January 10, 2019

Smart Contract Guardian – an online EVM decompiler

Smart Contract Guardian – an online EVM decompiler

Since I started working in the Ethereum ecosystem and auditing Ethereum smart contract in bytecode format. I have evaluated many well-known projects which claimed they can decompile EVM (Ethereum Virtual Machine) bytecode. However, none of them really show good result for real world examples. So reading the EVM opcodes from the smart contracts is a really frustrating job and you can be lost anywhere among the JUMPs and POPs. So an idea popped into my mind that why not make a really working one to speed up the audit of raw EVM bytecode.

Fortunately, there are already several good articles talking about EVM bytecode structures. However, those resources still won’t make you fully understand how to make a real EVM decompiler. There are a lot of details lack from either official documents or other research. I have written a series of articles about the things I have learned from the development of the tool. If you are interested in them, please feel free to have a look:

Understand EVM bytecode – Part 1

Understand EVM bytecode – Part 2

Understand EVM bytecode – Part 3

Understand EVM bytecode – Part 4

Besides all the information I have mentioned in those articles, there are still more things need to pay attention to if you want to development your own decompiler or automation tool based on EVM bytecode. The most difficult part I have encountered during the development is how to retrieve back the Control Flow Graph (CFG) for the code. If you are familiar with EVM opcodes, you might have noted there is no function call instruction and return. Instead there is only conditional and unconditional JUMPs. So in order to extract back the original function logic, you need to analyze the pushed return address of the instructions in the stack to decide the range of a function. However, if you think you can skip this step and take the whole code as one function, you will have even more troublesome when dealing with loops. Because without defining functions any re-entrancy of code blocks might be judged as a loop mistakenly.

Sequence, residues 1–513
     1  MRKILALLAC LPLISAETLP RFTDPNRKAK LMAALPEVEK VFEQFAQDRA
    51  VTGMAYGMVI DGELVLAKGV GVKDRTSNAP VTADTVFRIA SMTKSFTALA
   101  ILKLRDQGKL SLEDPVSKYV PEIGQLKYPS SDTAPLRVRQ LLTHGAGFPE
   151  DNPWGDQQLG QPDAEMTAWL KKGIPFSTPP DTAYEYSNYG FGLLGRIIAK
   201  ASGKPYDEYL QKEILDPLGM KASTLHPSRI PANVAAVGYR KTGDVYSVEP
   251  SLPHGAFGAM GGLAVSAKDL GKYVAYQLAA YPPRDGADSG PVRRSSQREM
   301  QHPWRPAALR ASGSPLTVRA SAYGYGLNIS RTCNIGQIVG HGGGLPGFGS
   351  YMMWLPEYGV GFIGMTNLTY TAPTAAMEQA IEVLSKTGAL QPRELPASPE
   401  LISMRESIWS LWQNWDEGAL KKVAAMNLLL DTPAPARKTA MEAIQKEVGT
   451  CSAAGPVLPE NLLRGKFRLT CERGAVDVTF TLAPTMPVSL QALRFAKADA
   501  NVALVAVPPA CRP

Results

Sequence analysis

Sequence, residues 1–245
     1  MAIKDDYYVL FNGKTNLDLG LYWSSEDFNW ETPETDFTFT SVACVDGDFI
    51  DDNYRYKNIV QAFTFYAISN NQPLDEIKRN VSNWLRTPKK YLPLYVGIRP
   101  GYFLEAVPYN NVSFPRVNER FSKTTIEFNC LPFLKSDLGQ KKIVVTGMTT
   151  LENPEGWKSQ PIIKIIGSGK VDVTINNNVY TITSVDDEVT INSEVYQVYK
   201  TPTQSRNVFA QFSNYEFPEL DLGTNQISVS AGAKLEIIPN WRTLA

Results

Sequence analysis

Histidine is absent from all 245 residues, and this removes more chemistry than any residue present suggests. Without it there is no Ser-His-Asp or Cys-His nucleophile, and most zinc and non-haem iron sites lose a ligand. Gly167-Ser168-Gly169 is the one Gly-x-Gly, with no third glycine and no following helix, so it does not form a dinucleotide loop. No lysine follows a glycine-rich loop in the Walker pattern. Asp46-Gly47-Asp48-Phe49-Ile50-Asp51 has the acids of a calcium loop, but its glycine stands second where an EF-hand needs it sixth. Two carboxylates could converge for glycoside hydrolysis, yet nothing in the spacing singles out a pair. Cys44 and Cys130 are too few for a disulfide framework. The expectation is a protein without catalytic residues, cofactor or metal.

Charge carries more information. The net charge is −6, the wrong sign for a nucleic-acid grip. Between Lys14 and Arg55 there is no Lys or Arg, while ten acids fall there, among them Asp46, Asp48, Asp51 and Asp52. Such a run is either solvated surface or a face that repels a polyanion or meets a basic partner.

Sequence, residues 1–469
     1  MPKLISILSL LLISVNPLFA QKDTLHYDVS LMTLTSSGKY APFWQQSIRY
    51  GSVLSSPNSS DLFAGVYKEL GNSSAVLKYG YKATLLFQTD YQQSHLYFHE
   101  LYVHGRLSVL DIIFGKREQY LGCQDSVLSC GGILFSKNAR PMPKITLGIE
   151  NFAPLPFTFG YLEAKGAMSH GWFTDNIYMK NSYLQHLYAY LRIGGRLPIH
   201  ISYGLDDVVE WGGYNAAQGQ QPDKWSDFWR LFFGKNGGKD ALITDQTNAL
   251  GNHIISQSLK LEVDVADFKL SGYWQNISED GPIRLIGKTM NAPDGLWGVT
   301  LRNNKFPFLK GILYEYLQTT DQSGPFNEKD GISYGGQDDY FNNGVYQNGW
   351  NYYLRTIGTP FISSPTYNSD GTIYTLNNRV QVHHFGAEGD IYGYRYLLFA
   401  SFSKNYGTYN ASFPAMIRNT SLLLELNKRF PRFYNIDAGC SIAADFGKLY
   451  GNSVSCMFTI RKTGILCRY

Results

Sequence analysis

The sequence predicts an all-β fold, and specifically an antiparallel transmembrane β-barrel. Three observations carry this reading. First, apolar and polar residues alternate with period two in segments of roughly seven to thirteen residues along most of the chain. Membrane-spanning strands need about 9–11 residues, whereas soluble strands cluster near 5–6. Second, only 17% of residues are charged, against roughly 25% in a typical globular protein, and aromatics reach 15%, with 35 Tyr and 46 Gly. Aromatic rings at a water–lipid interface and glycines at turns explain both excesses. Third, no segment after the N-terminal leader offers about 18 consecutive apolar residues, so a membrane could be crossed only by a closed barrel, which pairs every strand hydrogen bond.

Another thing worth mentioning is that EVM itself is under development too. Also there are several high level languages you can choose to compile a smart contract. So the compiled EVM bytecode is very compiler dependent, even version dependent on by same compiler. For my research work, I used Remix online Solidity compiler. If you choose different versions to compile on a same piece of code, you will be surprised by the results. Since Solidity is under development too, it is no way you can expect consistent compiled results. So these facts will make the developer life harder, especially when more readable content is expected from the decompiler.

We have talked the problems you might encountered during the development. Let’s look at a demo of the online decompiler we have published. You can easily use it by following link:


To analyze a piece of EVM bytecode, you can either specify the smart contract address which has been deployed on the main network of Ethereum, or simply copy and paste your bytecode into the text box. After clicking on the “Decompile Now” button, the result will be shown on the page. Let’s take some simple Solidity source code for a testing:

pragma solidity ^0.4.18;

contract Bank {
    // balances, indexed by addresses
    mapping(address => uint256) public balanceOf;   
    function deposit(uint256 amount) public payable {
        require(msg.value == amount);

        // adjust the account's balance
        balanceOf[msg.sender] += amount;     

After compiler the code using Solidity 0.4.18, you will get following EVM runtime bytecode:


To understand why we call it “runtime” bytecode, you can refer to my write-ups about “Understanding EVM bytecode”. You can simply copy above bytecode and submit to the online decompiler like this:

Then you can click on the “Decompile Now” button. After a few seconds, you could have the decompiled result shown in the text box:

From the decompiled result, we can clearly see the original variable declarations and functions. Besides that, it also inspect the bytecode and look for potential known vulnerabilities. Here, an integer overflow was discovered in function deposit. If you do not trust the automation inspection result, you can always click on the “Request Audit” button for a manual review, our team will be happily to assistant you with our expertise.

Of course this sample is pretty simple, the real world example can be much more complicated. You can also check them by using the tool. The tool currently have following features:

  • Public and private functions recognition
  • Storage variables recognition
  • Memory related operations optimization
  • External calls commentating
  • Embed Solidity functions recognitions (ecrecover, sha256, ripemd160, sha3)
  • Well-known vulnerabilities inspection

Besides the above features, there are still more things which can be improved in future. Loops recognition can be done in better way other than giving goto statements for now. Also dynamical size variables like bytes and string can be optimized in better way for readability. There might also be bugs on showing local variables since there is no RET instruction in EVM. So the stack alignment is always an issue when function returns. Since the tool is still on experimental, you are very welcome to contact us for any issue you had found.

Hope you enjoy using it, let’s us know your comments and advise!